Henry, Bishop of Winchester.
Henry, Bishop of Winchester, was the illegitimate brother of Stephen, and there can be little doubt of
the coin here described having been struck by his authority. It has on the obv. a crowned head, with a
crozier before it; the legend HENRICVS EPC. The reverse resembles in a great degree those of Robert,
(280), Stephen, (278), and has for legend, STEPHANVS REX. (279). The coin is unique, in the Pembroke
collection; a piece is unfortunately broken out of it. Pembroke Cat. Part 4. Plate 23. Rud. i. 21. Sn. p. 6.
C. This prelate was Legate a latere at the time of the death of Henry, and through the influence which
this office gave him he assembled the clergy and some powerful nobles, and procured his brother
Stephen to be elected king. His influence and his interference upon other occasions were so very
considerable, that it is probable this was the time when the coin under consideration was struck, as it
would clearly intimate that Stephen's claims were acknowledged by the church, or at least by one of its
most powerful prelates, and the Pope's representative.
Figure on horseback armed with a sword, conical bonnet on head, RODBERTUS…ST--T. The last T may
be a cross. Rev. cross patee concaved at the ends upon a cross fleury, D with various ornaments in
place of legend. (280). MB. 1. Rud. i. 20. Pemb. pt. iv. pl. 4. Sn. p. 6. B.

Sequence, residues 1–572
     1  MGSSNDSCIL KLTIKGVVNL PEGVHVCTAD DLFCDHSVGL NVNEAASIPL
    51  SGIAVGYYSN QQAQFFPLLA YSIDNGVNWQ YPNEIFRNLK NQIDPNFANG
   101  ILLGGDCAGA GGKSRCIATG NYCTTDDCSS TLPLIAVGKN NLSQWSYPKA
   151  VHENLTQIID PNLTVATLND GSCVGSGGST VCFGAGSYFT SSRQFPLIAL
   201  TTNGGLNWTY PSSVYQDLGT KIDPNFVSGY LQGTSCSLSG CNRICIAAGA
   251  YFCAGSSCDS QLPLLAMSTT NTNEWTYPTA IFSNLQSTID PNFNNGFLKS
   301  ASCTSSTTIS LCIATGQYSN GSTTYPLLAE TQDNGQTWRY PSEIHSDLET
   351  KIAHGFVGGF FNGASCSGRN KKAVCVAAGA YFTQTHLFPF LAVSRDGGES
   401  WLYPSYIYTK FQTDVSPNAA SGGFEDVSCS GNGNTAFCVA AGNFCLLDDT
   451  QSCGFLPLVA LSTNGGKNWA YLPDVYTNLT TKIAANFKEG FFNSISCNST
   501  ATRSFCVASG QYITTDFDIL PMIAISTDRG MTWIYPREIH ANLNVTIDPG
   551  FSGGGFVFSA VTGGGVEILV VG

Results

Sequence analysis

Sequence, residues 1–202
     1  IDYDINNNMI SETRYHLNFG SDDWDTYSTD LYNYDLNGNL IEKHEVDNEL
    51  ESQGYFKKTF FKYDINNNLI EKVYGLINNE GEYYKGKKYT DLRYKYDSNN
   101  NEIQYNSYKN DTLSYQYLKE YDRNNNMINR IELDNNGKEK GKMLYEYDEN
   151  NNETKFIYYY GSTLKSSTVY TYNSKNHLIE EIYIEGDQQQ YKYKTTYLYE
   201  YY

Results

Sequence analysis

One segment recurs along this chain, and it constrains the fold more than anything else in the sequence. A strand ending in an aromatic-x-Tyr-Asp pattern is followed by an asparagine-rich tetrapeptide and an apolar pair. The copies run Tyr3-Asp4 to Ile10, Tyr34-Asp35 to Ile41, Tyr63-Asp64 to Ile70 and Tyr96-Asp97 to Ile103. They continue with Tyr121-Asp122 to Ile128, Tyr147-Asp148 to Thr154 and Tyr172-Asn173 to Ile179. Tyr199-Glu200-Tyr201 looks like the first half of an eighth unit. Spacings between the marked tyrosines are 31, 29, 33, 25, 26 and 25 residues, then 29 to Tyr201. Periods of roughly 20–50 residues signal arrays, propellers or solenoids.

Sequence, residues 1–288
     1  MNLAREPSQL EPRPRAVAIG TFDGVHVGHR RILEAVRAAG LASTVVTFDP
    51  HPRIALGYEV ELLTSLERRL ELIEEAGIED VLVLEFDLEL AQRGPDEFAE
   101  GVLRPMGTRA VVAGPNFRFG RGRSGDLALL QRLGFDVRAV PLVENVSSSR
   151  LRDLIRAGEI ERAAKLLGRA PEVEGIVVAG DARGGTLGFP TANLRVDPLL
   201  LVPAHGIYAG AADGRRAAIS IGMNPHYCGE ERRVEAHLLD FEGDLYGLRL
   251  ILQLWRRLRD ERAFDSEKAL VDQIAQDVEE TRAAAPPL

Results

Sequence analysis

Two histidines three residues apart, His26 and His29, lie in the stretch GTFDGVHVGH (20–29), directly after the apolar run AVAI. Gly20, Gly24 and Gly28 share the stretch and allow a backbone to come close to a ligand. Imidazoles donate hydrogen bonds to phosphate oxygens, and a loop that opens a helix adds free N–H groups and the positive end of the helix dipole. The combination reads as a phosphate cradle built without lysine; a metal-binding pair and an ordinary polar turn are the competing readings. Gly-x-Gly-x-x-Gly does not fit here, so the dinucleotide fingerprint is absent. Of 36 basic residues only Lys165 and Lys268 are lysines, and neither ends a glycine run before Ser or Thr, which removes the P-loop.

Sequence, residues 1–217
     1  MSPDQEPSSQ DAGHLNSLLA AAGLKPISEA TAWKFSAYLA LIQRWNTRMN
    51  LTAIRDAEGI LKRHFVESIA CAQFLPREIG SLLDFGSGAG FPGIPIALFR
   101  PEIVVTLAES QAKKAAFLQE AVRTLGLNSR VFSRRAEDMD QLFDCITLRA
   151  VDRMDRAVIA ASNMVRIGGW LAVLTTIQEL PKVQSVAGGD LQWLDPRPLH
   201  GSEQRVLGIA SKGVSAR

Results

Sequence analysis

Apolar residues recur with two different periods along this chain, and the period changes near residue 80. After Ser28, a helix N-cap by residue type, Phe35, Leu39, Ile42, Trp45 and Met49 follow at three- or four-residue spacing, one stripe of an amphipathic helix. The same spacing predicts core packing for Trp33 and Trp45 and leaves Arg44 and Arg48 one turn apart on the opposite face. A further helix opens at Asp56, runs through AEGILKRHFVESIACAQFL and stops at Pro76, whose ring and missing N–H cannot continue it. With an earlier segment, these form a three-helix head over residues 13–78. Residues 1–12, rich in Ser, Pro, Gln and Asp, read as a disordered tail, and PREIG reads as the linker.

The type and character of this coin leave no doubt of its having been struck about the same time with
those of Eustace, Stephen and Matilda, and Stephen, (278); (specimens of these four coins were
found together, in 1684, at Catall near Wetherby, in Yorkshire) and there is not any personage to
whom it can be ascribed with more propriety than to Robert, Earl of Gloucester, the illegitimate son of
Henry I. It is extremely rare; the British Museum has one, the Pembroke one, a fragment; and
another is supposed to exist, but in what cabinet is not at present known. This piece is of good silver,
and, consequently, not from one of those debased coinages, which are said to have been so injurious
to the public in those times; but under what circumstances this prince had, or assumed, authority to
strike money, we have not any means of ascertaining. The letters which follow the earl's name are
partially obliterated, and have not been explained.
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Stephen and Matilda